The Treaty of Knäred (Danish: Freden i Knærød, Swedish: Freden i Knäred) was signed on 21 January 1613 and ended the Kalmar War (1611-1613) between Denmark-Norway and Sweden. The peace negotiations came about under an English initiative. The peace was guaranteed by King James I of England and VI of Scotland.
The treaty was named after the village of Knäred in Halland, where it was signed at a border bridge in what was then the Danish Halland. The peace meant that both kingdoms restored the conquests made during the war. Under the terms of the treaty, Sweden would give back Jemtland and Herjedalen. Denmark would give back Borgholm, Kalmar and Öland.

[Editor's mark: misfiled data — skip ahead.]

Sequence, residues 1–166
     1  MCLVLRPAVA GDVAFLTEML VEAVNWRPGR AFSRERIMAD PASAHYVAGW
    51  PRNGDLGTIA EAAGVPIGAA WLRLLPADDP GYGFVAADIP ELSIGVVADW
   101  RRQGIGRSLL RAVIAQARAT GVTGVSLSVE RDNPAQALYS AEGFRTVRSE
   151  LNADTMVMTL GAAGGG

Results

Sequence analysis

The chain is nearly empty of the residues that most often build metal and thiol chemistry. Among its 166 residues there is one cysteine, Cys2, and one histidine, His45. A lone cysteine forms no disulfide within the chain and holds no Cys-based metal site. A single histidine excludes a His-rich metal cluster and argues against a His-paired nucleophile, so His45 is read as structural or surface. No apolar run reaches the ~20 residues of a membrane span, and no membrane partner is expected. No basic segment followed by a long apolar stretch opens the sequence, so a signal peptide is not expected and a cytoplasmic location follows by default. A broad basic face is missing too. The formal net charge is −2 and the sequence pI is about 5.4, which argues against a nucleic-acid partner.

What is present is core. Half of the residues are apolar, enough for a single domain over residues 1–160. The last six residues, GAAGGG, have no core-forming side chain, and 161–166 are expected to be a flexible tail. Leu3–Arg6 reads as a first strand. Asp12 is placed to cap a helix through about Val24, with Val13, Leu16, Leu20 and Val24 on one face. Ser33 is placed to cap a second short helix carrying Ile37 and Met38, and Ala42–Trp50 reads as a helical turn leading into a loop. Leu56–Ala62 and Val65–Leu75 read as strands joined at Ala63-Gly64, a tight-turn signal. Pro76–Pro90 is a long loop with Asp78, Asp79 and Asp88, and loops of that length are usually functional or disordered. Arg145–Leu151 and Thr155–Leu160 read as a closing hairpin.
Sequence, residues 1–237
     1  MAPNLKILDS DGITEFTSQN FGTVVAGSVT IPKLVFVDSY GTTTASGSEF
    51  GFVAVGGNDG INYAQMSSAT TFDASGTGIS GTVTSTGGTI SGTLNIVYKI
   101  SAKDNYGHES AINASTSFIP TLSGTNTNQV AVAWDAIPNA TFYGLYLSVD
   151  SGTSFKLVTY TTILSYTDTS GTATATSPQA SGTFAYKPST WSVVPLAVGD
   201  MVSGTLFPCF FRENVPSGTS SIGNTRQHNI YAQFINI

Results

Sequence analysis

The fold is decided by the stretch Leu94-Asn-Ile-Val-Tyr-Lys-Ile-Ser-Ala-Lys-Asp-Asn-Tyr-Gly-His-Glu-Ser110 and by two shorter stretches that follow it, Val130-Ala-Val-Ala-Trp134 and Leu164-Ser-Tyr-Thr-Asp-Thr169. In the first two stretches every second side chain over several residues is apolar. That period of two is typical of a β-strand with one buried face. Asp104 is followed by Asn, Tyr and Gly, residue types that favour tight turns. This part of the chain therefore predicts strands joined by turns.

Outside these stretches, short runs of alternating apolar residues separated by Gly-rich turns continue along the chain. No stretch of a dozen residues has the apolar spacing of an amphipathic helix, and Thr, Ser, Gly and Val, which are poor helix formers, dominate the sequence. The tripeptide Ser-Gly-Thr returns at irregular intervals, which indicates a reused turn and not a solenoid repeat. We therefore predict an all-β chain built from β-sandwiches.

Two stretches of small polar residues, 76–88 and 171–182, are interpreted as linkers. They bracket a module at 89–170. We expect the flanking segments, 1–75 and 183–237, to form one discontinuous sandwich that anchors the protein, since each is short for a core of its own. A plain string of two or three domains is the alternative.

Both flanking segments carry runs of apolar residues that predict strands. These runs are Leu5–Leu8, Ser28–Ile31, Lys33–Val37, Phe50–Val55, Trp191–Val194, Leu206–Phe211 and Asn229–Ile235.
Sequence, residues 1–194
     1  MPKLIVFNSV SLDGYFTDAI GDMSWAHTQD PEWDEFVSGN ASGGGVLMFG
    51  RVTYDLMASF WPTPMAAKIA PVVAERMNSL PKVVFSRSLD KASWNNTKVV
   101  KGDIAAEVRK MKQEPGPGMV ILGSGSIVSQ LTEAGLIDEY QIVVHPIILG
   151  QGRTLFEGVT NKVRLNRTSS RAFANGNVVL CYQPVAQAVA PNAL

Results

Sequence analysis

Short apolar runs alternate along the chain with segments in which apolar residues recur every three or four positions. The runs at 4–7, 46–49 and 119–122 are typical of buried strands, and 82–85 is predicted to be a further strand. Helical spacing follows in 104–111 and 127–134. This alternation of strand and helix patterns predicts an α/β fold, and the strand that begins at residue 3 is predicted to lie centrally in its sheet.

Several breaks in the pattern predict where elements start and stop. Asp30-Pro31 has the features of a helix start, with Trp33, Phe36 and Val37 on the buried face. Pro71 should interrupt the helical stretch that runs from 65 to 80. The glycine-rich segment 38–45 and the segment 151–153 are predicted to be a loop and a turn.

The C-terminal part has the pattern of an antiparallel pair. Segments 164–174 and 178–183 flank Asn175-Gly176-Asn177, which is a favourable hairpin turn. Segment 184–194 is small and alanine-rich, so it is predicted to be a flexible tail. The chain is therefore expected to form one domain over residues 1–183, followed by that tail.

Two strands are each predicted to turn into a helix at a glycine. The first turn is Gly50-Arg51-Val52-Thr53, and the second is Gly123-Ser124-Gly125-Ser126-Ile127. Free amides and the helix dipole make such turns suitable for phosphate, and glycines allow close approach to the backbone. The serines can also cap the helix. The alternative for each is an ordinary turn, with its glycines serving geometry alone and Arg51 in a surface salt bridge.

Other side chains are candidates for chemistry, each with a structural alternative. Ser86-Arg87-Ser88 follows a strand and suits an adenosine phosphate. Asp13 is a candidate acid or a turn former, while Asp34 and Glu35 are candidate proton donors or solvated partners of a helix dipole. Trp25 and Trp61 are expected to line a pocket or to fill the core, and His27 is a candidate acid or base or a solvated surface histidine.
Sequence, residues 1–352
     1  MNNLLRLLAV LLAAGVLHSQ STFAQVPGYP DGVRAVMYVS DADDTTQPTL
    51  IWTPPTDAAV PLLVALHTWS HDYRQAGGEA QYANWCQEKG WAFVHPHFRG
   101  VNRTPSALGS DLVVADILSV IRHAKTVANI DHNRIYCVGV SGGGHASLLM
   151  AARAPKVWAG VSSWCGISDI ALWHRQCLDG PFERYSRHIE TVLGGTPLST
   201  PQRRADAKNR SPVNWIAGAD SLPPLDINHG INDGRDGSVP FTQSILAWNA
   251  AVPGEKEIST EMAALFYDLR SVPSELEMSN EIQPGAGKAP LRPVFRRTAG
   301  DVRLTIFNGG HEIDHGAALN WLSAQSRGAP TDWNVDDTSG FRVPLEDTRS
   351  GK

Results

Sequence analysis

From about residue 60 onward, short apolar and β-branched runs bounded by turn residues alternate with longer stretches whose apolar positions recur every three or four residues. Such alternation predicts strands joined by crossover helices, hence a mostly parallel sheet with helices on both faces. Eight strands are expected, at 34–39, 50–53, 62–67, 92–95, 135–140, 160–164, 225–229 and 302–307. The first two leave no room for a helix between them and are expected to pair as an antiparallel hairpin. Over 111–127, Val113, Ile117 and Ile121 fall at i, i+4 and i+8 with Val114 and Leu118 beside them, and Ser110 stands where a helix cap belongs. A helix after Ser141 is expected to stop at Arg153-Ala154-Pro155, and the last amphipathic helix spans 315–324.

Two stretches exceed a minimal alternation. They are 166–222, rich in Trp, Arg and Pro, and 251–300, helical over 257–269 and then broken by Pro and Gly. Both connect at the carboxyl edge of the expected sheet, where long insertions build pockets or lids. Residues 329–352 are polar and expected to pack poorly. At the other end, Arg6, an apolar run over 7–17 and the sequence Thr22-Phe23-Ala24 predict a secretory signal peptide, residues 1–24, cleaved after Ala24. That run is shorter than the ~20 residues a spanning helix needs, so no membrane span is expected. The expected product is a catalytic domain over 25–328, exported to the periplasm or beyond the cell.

A memorial stone over the site was erected between Knäred and Markaryd in 1925 by the Halland Art Museum (Hallands konstmuseum).